So Where Do We Stand?


In my previous blog before writing for Birds Watcher, I wrote a post about two months ago I called “Mission Impossible” … as that seemed to be the task facing newly hired Dan Duquette.

There were/are three major points to be made about the Orioles’ situation:

1.  There isn’t enough money available for high profile / high risk free agents (even if they want to come to Baltimore).

2.  There are few pieces to trade that would not set the team back rather quickly into a total near-term rebuild.

3.  The harvest potential at the top end of the farm system is very slim.

So, what’s a GM sort of guy to do?

Let’s think this through logically …

A.  We have 4 fixture pieces of high quality – catcher, shortstop, centerfield, and rightfield.

B.  1st base and 3rd base can be held down by Davis and Reynolds, 2nd base is going to be Roberts or Andino, or perhaps one of the other new acquisitions like Antonelli or Betemit.

C.  Leftfield should, in my opinion, go to Reimold from day one – do this, and he’ll perform.

D.  DH may be covered by a combination of players above, along with new subs Chavez or Miller. As well, Wieters may be given a reasonable number of days off from catching with a quality defensive back-up in Teagarden, and remain in the line-up as DH.

Offensive Summary: The Orioles were a better than average offense with good power. Back-up players have been found for the outfield and infield and catcher – guys who are at least decent offensive threats. Though the offense failed the team last season more often than is generally thought (since the pitching was so bad), there is every reason to believe the offense should be reasonably strong.

E.  Starting Pitching: Arrieta appears healthy and is solid and Guthrie remains an innings-eater. Britton will be a part of the rotation. Hopefully Matusz or Tillman or Bergesen can regain form, but no bets can be made on any of them. Chen and Wada are good potential candidates. Hunter, Eveland, Simon, are (I fear) temporary solutions at best (or long relief). There remains a scarcity of free agent or otherwise available starting pitchers – after all, everyone needs the same thing!

F.  Relief Pitching: We have a few good arms … especially Jim Johnson – another fixture piece. I still believe Berken can be a force (perhaps my most arguable point of the day), and Pedro Strop is a definite keeper. Gregg is another keeper – unfortunately … just please don’t let him close. O’Day has good stats. Patton can be effective, with Rapada as a specialist if the roster room permits.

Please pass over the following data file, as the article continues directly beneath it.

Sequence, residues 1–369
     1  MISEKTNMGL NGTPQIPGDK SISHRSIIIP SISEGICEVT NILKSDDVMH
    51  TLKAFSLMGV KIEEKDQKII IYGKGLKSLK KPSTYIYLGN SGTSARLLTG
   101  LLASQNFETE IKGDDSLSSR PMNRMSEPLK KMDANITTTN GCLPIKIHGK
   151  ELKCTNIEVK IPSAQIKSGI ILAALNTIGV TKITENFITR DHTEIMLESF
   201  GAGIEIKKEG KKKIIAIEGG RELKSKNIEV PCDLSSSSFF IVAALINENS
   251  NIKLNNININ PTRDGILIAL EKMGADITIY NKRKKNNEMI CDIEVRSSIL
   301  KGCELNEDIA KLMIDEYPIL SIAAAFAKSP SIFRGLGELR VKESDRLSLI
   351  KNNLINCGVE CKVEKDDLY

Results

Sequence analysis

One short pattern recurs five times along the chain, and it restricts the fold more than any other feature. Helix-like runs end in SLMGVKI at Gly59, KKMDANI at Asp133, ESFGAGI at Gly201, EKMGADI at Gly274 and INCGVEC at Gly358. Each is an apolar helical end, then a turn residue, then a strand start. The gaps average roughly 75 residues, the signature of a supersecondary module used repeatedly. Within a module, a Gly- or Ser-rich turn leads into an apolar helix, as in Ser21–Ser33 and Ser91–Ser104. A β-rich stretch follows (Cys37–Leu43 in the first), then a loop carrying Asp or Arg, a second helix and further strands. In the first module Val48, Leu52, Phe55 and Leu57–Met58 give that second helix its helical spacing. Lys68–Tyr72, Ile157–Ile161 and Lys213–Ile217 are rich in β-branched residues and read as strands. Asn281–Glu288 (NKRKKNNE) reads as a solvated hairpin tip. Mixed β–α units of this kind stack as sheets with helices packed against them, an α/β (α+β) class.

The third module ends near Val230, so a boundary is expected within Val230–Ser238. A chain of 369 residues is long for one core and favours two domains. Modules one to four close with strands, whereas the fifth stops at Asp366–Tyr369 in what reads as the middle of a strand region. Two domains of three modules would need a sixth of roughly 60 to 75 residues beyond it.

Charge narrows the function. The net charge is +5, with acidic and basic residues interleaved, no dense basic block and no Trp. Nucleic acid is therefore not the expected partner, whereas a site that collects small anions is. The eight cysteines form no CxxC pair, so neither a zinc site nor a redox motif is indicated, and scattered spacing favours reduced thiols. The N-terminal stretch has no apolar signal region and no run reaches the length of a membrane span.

Pitching Summary (Here is what I wrote 8 weeks ago): The starting pitching is a critical problem – why the young arms flamed out, I cannot understand. But we are left with merely hopes for resurrection, and to my knowledge, that only really happened ONCE. So, since there is little hope of getting much help outside the organization, THEREFORE, it is necessary to move Jim Johnson into the starting rotation. The domino effect of this is a major bullpen depletion – already depleted by Uehara and Gonzo being traded (probable good deals, I confess). But the good news is that there are a substantial number of decent relief arms out there to be secured, and this seems to me to be the best option and course of action given the three major problems stated at the front. So, move Johnson to the starting rotation, and spend what dollars there are to bring in a number of relief arms.

(Back to today) Well, that didn’t happen; starting pitching has been brought in from the outside, and Johnson is staying in the bullpen. I’d not be against the Birds finding a way to get another high quality reliever with money not spent in any big way on expensive free agents.

Overall Summary: Returning to my previous post of 8 weeks ago and reworking it was a positive experience. Honestly, a lot of moves were made that did not break the bank, yet have reasonable upside potential. I can be content with going into the season even with where we stand right now and take our chances on it … and begin to fix the farm and international programs for the future.

Dan Duquette – call me if you need any more advice.